Since March 16, Minnesota has received nearly 150,000 applications for unemployment insurance, state officials said in a conference call on Tuesday. Between March 16 and March 23, the state logged 149,443 unemployment insurance applications.
Unsurprisingly, the greatest portion of applications came from workers in the food industry. As the number of total applications has increased, the state has begun providing more granular data about the most affected groups.
Women are typically 33 percent of the applicants for unemployment filings, but that number has now jumped to 63 percent. “The closures have affected women more than men,” said Steve Grove, commissioner of the Minnesota Department of Employment and Economic Development. “We think in large part due to the high share of female employment in the leisure and hospitality and personal services industries.”
“From an age perspective, we’ve seen the plan shift downward demographically,” he noted.
The largest chunk of applications came from those between the ages of 22 and 29, who submitted 32,000 applications, Grove said. People without a four-year degree also made up a sizable portion of applicants.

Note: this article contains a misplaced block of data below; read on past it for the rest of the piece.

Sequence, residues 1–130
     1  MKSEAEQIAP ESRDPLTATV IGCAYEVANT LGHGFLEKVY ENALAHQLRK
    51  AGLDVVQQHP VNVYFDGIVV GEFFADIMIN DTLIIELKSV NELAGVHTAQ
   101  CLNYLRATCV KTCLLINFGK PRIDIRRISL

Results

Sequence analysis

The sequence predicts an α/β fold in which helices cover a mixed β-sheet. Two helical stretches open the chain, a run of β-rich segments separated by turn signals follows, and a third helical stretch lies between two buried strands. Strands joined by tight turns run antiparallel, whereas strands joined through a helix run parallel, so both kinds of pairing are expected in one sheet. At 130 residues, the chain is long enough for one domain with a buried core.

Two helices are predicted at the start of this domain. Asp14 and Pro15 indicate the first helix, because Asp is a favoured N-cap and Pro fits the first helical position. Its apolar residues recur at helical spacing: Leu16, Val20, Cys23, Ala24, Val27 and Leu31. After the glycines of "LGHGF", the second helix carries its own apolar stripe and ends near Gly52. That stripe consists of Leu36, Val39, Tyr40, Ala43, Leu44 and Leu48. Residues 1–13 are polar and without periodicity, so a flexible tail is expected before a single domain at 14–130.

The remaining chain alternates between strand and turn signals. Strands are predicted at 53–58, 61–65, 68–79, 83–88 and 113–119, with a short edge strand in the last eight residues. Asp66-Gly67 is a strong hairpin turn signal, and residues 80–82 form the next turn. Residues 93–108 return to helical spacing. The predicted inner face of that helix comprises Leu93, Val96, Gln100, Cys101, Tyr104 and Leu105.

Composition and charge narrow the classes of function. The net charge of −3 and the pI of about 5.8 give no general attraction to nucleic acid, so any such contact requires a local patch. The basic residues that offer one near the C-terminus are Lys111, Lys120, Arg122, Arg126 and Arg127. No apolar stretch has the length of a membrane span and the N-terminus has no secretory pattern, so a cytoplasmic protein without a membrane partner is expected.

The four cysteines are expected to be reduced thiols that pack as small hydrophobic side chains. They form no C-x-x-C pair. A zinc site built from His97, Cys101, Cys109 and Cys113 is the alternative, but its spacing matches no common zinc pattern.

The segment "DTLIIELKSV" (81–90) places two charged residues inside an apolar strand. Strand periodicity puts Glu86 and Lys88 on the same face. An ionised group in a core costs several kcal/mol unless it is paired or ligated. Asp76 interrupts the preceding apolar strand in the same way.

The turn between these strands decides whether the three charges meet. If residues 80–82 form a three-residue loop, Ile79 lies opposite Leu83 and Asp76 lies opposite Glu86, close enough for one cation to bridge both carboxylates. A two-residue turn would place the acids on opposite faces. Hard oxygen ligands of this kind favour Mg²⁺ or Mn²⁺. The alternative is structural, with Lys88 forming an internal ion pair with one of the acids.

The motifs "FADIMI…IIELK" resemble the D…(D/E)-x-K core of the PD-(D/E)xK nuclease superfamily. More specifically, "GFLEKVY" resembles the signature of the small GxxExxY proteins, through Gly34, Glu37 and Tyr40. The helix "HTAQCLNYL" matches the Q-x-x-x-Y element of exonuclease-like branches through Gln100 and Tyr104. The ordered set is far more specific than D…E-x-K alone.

With half of Minnesotans employed by small businesses, Grove said DEED is eager to get the state’s emergency loan program going. The government will start accepting applications by the end of the week.
During Tuesday’s conference call, Walz noted that now has 262 confirmed cases of Covid-19, with the greatest density of these cases in Hennepin County, which reported 103 cases. The global number of confirmed cases has reached 415,876 as of Tuesday night.
“Our data picture is coming into a lot more clarity,” Walz said, noting that experts at the University of Minnesota are close to providing better data analysis. The number that remains of chief concern for Walz? The number of days before the state reaches ICU capacity and peak infection.
“We think Minnesota is getting results that look different,” he said.
Minnesotans appear to be moving less and complying with social distancing orders, according to cell phone data and reports from the state’s department of transportation, Walz said. Traffic is down 40 percent in the Twin Cities metro, and down 26 percent in Greater Minnesota.
“Whatever is happening, Minnesotans seem to be social distancing to the point where we’re stretching out the peak infection rate,” he said.
Meanwhile, Walz didn’t say when or if a shelter in place order would be given. It appears he’s waiting for further data to make that call.
“I hope we’re not getting into this philosophical fight against those who say we should do all we can to protect life and stop this pandemic, and those who say we should protect the economy. It has to be both, and there is a way using data to think about it smartly,” Walz said. “Minnesota will do this the smart way.”